The World Keeps Turning: Paradoxes of Christianity

  • Allen Woods FILE PHOTO

Published: 8/5/2022 2:14:22 PM
Modified: 8/5/2022 2:11:15 PM

Bill McKibben is an environmental activist, a winner of several international awards for leadership, and an outstanding writer. In his latest book (his 20th), “The Flag, the Cross, and the Station Wagon,” he combines personal history with analysis as he tries to make sense of the stark social changes since his 1960s-70s childhood. His goal, stated in the book’s subtitle, is figuring out “. . . What the Hell Happened.”

He focuses on three central issues: American history and politics (“The Flag”), religion (“The Cross”) and the economy (“The Station Wagon”). The book contains startling statistics, in-depth research, and resonant memories (as he often points out) for white, middle-class baby boomers. But he also takes interpretive leaps which allow a broader understanding of our changing society.

For me, one example stands out. McKibben believes that the once-unifying influence of Christianity on communities and society has been fractured and diminished by a new generation of evangelical leaders and followers. They pursue salvation through a “consumer, transactional relationship” that emphasizes Jesus Christ as a “personal savior” who can entertain requests as mundane as guiding the choice of clothes, or assisting in an election campaign. He believes they practice a “What’s in it for me?” type of Christianity, rather than one in which God’s blessings are distributed widely to a community. (This is one form of the “hyper-individualism” that McKibben identifies as the prime factor in the decades of social change and the simplest answer to the “What the hell happened?” question.)

If McKibben is correct, it helps me answer an enduring and puzzling question of the Trump era (although the answer provides little comfort): How can a group who identify themselves as dedicated Christians support a man who has publicly violated most of the Ten Commandments, exhibits all seven “deadly sins” (according to Catholic theology: lust, gluttony, greed, sloth, wrath, envy, pride), and regularly disregards or attacks the less fortunate among us? If Trump’s evangelical faithful rely on personal benefits for believers, despite his personal character, “what’s in it for them,” is a politician who claims he can lead them back to a time when white Christians controlled nearly all facets of life, including support for segregation, bans on abortion, and nativist hatred for immigrants and their countries.

Although exposed to hundreds of hours of Christian sermons and Bible study growing up, Christianity, for me, has always been characterized by paradox as much as unity. It’s impossible for me to escape the contradictions at the heart of the Bible’s Old and New Testaments. Should Christians pursue Old Testament retribution—  “an eye for an eye” — or attempt the beatific New Testament response by “turning the other cheek?” Should we count wealth as one of God’s blessings (Old Testament Proverbs) or believe that it is nearly impossible for a rich man to enter heaven (New Testament Matthew)? Is the Christian God angry and vengeful, dangling sinners “. . . over the pit of hell” (from an 18th century sermon, quoted by Wilson Roberts in a recent column) or one as forgiving as Jesus who absolved the Roman solders dividing up his clothes because “they know not what they do”?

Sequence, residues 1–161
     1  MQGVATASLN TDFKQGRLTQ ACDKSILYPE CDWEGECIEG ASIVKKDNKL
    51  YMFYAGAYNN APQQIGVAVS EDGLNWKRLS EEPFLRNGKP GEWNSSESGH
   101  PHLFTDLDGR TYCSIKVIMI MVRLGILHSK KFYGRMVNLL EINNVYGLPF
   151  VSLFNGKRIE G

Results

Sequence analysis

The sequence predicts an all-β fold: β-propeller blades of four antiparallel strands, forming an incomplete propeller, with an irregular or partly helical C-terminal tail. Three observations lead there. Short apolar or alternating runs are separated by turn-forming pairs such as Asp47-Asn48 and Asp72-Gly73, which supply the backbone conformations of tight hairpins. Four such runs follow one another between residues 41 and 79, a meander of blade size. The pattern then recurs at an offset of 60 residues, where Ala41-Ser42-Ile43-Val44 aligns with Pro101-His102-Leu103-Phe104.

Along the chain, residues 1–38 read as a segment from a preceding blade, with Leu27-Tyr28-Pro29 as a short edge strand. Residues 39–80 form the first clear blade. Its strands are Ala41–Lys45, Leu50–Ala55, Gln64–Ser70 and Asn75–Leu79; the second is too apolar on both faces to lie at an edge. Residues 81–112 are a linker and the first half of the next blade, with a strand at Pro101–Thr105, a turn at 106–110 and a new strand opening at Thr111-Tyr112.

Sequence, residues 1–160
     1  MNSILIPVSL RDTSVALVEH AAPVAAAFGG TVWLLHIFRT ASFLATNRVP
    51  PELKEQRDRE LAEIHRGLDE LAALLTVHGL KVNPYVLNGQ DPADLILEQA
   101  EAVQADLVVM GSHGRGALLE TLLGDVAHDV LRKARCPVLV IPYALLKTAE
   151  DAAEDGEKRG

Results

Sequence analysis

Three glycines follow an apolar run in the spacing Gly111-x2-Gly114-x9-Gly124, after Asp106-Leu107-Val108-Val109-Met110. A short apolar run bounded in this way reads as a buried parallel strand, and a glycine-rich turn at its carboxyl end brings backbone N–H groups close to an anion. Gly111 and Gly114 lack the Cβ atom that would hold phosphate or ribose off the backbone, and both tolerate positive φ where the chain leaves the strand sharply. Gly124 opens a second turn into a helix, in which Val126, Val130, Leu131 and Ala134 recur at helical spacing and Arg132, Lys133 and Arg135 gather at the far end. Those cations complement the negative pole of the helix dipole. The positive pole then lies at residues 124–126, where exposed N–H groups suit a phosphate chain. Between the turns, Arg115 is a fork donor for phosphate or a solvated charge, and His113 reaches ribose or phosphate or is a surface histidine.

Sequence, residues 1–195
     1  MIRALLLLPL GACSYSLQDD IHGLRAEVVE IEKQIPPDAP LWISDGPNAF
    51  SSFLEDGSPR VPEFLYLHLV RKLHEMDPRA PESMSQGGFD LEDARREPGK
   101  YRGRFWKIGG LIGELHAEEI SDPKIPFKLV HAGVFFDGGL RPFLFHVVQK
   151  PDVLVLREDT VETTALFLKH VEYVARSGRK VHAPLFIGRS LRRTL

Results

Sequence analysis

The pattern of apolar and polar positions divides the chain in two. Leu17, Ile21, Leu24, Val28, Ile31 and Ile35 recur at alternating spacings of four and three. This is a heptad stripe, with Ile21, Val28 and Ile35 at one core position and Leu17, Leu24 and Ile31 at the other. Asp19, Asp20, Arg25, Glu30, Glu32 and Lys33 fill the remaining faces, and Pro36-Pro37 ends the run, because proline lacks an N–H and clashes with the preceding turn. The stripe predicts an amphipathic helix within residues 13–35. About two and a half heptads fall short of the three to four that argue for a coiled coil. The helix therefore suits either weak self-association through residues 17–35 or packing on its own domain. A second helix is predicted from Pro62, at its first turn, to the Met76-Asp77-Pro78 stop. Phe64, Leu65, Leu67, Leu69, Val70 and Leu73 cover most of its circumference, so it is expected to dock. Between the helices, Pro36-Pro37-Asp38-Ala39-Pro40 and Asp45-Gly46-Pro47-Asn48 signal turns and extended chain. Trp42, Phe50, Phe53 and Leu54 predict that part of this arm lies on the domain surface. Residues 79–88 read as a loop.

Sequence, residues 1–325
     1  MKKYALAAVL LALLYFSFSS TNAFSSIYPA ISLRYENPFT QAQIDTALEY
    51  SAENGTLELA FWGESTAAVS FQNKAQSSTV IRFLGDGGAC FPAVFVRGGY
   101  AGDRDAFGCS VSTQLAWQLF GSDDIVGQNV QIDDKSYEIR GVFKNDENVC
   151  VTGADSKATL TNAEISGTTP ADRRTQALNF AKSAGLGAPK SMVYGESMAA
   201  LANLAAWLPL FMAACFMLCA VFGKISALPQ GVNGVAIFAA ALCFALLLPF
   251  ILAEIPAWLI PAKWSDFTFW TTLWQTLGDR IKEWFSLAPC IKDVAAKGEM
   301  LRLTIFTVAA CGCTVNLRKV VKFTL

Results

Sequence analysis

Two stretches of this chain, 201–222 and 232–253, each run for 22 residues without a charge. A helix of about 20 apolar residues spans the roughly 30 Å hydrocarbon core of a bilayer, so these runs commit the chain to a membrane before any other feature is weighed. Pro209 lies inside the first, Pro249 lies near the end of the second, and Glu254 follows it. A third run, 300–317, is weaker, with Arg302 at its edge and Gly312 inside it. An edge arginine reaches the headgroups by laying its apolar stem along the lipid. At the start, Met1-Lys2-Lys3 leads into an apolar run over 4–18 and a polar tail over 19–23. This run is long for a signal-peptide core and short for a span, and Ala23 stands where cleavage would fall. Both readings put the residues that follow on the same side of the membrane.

The split in interpretations has never been more obvious between evangelical and “mainline” Christian approaches: shaming, denouncing, and attacking the LGBTQ community vs. the welcoming arms of congregations encouraging their membership and leadership; attacks on people seeking abortions and anyone assisting them vs. communities fighting to safeguard women’s health and rights; attacks on immigrants vs. churches providing sanctuary.

What may be most painful (and extremely important in McKibben’s analysis) is the racial divide. Brought to life in a powerful Holyoke art show by Imo Imeh last February, the insurrectionists of January 6 carried symbols of both Christianity (a large cross) and white supremacy (the confederate flag). Self-described as a “Black Christian man,” his art and words struggled to reconcile his strong, inclusive religious beliefs with their theft and misappropriation by Christian faith leaders who sanctioned and encouraged the mob’s actions. (I imagine millions of Muslims feel the same betrayal when terrorists and hardline leaders hijack their peaceful religious beliefs.)

McKibben notes that with the rise in numbers of evangelicals (growing from about 2 million in 1940 to more than 80 million today), as well as the publicity and political attention given them, only 16% of non-Christian young adults say that Christianity “consistently shows love for other people.” They see evangelical Christianity as intolerant and unforgiving, consistent with the amoral, vengeful man they embrace, Donald Trump.

Allen Woods is a freelance writer, author of the Revolutionary-era historical fiction novel “The Sword and Scabbard,” and Greenfield resident. His column appears regularly on a Saturday. Comments are welcome here or at awoods2846@gmail.com. 

 

 


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